Every year I spend weeks and months encouraging reluctant individuals to get the flu vaccine, usually with some success. Then, as soon as the virus hits town, I start to get calls from patients and physicians that they were just diagnosed with the flu, even though they got the vaccine.
Rumors start to fly about new strains of the virus or concerns are raised about how the vaccine was stored or administered that might reduce its effectiveness, but the CDC reports that the vaccine is a good match for the circulating strains of flu.
So why is that? Why do some people get the flu despite getting vaccinated?
Flu vaccine effectiveness is highly dependent upon the competence or strength of the individual’s immune system. Many of the people at highest risk for getting the flu are those with weakened immune systems due to diabetes, old age or very young age, or weakened body systems such as those with heart, lung or nervous system disease. About half of these people may not respond to the vaccine well and remain vulnerable despite having been vaccinated.
Even healthy people may not respond well to the vaccine, though the odds are better – probably around 70 to 80 percent will be protected. Getting a sore arm or a raised red bump at the site of the vaccine, or getting the sniffles after nasal mist, means that you are more likely to have stimulated your immune system to protect you.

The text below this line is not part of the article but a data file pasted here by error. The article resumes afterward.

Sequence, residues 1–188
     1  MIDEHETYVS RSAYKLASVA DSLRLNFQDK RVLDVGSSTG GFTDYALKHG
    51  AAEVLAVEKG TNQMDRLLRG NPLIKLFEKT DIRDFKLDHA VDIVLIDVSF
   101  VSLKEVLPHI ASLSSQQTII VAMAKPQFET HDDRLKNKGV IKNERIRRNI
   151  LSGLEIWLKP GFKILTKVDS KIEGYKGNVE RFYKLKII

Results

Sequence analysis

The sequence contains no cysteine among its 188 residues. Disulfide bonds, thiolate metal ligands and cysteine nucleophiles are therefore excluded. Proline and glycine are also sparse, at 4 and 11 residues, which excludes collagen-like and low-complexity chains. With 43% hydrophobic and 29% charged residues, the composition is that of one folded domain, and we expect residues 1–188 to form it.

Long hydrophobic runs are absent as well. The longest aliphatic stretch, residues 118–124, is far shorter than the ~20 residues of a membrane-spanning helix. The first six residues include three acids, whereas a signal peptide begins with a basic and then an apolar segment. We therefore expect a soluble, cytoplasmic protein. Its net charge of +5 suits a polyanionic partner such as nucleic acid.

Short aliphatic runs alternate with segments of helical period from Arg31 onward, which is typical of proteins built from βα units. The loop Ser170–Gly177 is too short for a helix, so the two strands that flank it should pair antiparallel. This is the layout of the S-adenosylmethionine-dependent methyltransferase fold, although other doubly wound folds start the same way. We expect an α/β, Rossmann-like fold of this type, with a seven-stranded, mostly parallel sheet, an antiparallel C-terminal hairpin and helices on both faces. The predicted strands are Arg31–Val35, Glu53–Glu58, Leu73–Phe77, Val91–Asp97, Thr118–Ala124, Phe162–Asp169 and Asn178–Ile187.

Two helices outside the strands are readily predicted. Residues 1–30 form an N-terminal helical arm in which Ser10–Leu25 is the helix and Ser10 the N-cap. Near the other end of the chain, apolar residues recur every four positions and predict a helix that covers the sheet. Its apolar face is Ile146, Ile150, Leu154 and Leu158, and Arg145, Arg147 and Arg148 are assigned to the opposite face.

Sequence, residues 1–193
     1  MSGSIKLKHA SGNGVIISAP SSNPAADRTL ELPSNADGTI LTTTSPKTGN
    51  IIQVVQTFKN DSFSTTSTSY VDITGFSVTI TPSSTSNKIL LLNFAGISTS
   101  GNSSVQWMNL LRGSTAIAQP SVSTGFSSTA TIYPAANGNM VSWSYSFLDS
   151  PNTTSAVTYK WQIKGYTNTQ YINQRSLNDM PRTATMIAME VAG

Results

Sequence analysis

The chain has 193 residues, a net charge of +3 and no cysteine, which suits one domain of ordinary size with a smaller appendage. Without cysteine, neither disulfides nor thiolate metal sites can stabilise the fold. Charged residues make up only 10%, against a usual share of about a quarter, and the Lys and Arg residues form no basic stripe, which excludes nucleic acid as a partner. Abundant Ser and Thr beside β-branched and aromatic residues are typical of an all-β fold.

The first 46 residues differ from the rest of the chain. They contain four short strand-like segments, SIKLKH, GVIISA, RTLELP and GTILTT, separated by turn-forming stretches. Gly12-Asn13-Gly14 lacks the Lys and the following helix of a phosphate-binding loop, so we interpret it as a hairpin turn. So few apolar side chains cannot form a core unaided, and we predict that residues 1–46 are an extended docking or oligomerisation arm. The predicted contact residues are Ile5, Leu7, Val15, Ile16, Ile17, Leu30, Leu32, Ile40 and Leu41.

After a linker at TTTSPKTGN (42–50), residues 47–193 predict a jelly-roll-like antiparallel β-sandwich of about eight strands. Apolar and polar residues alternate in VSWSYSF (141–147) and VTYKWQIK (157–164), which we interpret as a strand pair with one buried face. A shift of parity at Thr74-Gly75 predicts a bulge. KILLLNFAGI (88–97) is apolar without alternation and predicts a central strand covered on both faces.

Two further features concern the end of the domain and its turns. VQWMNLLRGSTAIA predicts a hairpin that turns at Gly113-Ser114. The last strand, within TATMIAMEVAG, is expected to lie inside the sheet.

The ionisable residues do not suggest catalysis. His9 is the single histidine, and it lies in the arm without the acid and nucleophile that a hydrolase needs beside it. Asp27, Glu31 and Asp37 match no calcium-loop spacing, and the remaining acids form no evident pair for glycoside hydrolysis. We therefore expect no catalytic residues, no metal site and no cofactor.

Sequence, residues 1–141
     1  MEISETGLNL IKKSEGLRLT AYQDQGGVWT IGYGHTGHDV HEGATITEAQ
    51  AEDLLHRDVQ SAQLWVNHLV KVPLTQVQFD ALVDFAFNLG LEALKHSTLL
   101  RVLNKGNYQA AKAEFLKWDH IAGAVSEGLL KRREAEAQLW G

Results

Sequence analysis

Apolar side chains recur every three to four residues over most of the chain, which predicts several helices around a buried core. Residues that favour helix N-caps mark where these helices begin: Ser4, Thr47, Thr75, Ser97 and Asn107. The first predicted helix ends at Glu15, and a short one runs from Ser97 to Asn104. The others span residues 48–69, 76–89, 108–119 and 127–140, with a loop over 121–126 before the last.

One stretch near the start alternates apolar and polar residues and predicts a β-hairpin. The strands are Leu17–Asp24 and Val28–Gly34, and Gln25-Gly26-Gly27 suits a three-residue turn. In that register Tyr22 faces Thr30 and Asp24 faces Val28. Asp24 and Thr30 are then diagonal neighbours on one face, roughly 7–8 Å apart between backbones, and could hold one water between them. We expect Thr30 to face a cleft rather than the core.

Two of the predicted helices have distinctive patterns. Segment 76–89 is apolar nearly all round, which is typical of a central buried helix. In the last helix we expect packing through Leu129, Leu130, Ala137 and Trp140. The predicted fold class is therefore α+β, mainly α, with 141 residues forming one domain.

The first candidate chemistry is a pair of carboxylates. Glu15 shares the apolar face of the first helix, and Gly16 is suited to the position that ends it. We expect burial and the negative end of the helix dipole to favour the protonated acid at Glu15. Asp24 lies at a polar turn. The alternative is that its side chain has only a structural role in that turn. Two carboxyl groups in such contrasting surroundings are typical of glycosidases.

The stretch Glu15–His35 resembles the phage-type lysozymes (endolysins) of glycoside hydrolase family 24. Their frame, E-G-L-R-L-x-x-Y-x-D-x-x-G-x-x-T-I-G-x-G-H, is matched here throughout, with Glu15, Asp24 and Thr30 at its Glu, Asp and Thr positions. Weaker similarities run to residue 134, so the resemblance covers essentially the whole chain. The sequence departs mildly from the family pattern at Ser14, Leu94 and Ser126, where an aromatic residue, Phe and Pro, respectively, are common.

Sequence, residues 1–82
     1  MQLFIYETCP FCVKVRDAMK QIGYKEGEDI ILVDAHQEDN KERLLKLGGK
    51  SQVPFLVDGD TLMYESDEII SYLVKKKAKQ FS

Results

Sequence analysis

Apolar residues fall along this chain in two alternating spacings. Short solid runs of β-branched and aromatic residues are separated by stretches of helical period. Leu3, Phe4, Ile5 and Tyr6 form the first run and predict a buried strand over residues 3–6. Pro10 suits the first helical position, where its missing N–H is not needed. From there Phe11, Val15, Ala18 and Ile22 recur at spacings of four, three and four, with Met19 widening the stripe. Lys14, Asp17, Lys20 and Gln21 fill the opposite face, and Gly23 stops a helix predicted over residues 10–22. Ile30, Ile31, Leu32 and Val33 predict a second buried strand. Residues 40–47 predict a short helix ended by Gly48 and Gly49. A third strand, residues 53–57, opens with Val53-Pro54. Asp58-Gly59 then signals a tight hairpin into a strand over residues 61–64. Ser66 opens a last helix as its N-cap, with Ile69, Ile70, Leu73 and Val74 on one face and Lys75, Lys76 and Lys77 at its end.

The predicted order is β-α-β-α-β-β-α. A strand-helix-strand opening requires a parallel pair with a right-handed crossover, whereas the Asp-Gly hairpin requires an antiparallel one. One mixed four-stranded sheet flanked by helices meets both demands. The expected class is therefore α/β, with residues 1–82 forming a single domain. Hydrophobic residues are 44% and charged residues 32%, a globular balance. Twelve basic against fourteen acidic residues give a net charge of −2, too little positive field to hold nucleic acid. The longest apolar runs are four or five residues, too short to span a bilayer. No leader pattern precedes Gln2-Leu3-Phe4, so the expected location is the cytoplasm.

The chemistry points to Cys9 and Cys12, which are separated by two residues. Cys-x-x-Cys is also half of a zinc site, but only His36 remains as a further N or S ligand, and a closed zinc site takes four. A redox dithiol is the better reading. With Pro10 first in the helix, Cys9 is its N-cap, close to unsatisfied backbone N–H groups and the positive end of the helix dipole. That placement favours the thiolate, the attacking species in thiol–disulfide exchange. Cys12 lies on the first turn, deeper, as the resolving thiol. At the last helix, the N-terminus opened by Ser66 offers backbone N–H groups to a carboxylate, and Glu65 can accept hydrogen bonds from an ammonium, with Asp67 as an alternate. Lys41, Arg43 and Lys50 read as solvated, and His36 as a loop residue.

The good news is that your case of the flu is likely to be shorter and milder than if you didn’t have the vaccine. Vaccine is about 70 percent protective overall against severe disease and hospitalization.
Vaccine manufacturers are working to develop flu vaccines that are more effective and that will last through many flu seasons, but it will be a few years before those vaccines are fully tested and available. Adjuvants, which are additives put in vaccines to boost the immune response, may be the near-term answer.
If you come down with flu symptoms – fever, sore throat, body aches and runny nose – and you’ve had the vaccine, be sure to contact your doctor early on so that you can start on antiviral medication to further shorten the course of your illness.
And continue to get your vaccine yearly – there are good odds that your protection improves the more you are vaccinated, as not all of the vaccine strains change every year!